PUPILS have been praised for their GSCE results after figures show significant improvements on last year despite major changes to the exam system.

Schools across the county have maintained overall success from 2018 and Durham County Council say there has been significant improvements in the academic performance of disadvantaged pupils.

The results are set against ongoing reforms to the GCSE system, with the majority of GCSE courses now giving pupils a 1-9 grade. GCSE level 4 is deemed as a pass, which is similar to the old ‘C’ grade and level 5 as a ‘good pass.' There has also been a shift away from coursework, meaning more weight is given to the final exams.

Results across England have been in a state of flux since the first wave of reforms, and grades for all regions took a dip in 2017 when the new maths and English qualifications were introduced.

In County Durham, the proportion of pupils achieving success at grade 4 and above in both English and maths is 60 per cent. This matches last year’s performance, which was an improvement from 56 per cent in 2017. The average attainment score for both subjects has also increased.

Emilie Dunn, who achieved ten grade 9s at Woodham Academy, said: "I thought the exams had gone ok but I didn't think I had done as well as I have. I'm in shock. I'm going to QE to study French, English and Maths."

Julie Bonas, Emilie's mother, added: "Emilie has worked extremely hard over the last two years, her revision cards have never been out of her hands. We are so unbelievably proud of her."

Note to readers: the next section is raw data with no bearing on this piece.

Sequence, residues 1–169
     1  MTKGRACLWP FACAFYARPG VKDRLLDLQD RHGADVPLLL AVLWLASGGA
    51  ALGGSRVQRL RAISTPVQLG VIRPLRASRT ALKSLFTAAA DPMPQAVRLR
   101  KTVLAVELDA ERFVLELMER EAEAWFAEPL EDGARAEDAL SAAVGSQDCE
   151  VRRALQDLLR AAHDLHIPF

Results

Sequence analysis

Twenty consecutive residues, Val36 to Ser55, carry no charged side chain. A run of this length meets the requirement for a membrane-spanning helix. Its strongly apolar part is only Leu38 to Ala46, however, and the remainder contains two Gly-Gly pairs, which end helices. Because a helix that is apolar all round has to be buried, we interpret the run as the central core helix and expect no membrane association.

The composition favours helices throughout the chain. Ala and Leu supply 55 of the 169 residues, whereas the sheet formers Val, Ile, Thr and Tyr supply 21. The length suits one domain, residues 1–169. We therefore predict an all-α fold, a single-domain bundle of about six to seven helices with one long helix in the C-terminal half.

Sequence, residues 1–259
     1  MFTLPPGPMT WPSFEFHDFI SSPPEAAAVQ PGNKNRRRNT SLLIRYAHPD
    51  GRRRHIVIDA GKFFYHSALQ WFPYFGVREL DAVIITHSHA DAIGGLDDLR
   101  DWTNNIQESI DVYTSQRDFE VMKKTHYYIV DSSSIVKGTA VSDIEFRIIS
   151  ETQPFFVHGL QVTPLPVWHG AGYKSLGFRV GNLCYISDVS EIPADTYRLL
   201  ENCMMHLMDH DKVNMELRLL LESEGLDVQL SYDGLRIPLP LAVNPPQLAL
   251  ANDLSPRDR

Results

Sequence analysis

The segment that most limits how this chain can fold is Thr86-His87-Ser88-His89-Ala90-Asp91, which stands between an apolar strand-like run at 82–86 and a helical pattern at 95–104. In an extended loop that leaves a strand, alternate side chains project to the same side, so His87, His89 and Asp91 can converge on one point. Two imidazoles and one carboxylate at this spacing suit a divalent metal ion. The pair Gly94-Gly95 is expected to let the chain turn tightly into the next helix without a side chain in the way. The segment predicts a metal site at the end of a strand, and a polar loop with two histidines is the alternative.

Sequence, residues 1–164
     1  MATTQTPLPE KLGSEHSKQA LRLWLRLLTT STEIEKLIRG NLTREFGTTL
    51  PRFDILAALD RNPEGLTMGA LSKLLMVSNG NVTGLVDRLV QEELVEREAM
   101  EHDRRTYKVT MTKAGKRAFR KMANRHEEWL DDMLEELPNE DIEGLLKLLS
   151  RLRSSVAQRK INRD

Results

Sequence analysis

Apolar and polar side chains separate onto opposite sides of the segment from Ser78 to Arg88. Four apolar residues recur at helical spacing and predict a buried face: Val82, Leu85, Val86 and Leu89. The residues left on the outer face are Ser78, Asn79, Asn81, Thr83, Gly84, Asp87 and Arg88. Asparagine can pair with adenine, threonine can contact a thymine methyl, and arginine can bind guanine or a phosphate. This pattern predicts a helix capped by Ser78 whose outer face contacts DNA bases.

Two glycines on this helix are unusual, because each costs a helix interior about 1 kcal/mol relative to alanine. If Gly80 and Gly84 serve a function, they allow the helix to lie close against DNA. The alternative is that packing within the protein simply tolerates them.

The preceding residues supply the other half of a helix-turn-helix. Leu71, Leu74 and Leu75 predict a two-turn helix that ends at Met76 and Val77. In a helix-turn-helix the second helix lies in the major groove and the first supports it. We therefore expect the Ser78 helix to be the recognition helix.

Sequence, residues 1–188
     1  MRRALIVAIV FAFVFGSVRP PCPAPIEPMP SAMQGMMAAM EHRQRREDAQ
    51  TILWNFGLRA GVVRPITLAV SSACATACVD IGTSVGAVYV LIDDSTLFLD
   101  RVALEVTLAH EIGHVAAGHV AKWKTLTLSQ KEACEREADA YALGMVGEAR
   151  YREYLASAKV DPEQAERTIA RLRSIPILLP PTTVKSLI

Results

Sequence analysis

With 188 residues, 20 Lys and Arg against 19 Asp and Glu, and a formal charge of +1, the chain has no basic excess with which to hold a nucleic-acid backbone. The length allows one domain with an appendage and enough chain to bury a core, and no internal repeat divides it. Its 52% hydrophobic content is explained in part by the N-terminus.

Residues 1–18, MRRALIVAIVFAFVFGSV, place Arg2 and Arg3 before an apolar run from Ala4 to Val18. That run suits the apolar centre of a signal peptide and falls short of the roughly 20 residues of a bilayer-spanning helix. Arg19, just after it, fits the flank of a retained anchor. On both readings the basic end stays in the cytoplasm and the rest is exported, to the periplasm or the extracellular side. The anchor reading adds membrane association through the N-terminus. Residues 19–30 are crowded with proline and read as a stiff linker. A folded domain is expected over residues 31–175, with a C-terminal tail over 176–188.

Andrew Bell, current maths teacher and soon-to-be headteacher at Woodham Academy, in Newton Aycliffe, said: "I am absolutely delighted for the parents, pupils and the staff. I can say that this has been one of the hardest working year groups we have had to date."

Cllr Olwyn Gunn, Cabinet member for children and young people’s services at Durham County Council, said: “We are delighted our young people have achieved such good results. The system has been changed significantly in recent years, with the removal of coursework and more difficult questions increasing the pressure on pupils during the exam period.

“These results are testament to how hard our young people have worked. They also reflect the commitment of our teaching staff and the invaluable support provided by parents, carers and other family members.

“GCSEs are important but if you did not get the results you want, please do not worry. There are many paths to success and support is available, so make sure you seek advice and access the help on offer.”

Pupils who did not receive the grades they hoped for and those looking for careers advice can visit durhamworks.info for information on apprenticeships, recruitment and training for 16 to 24-year-olds across the county.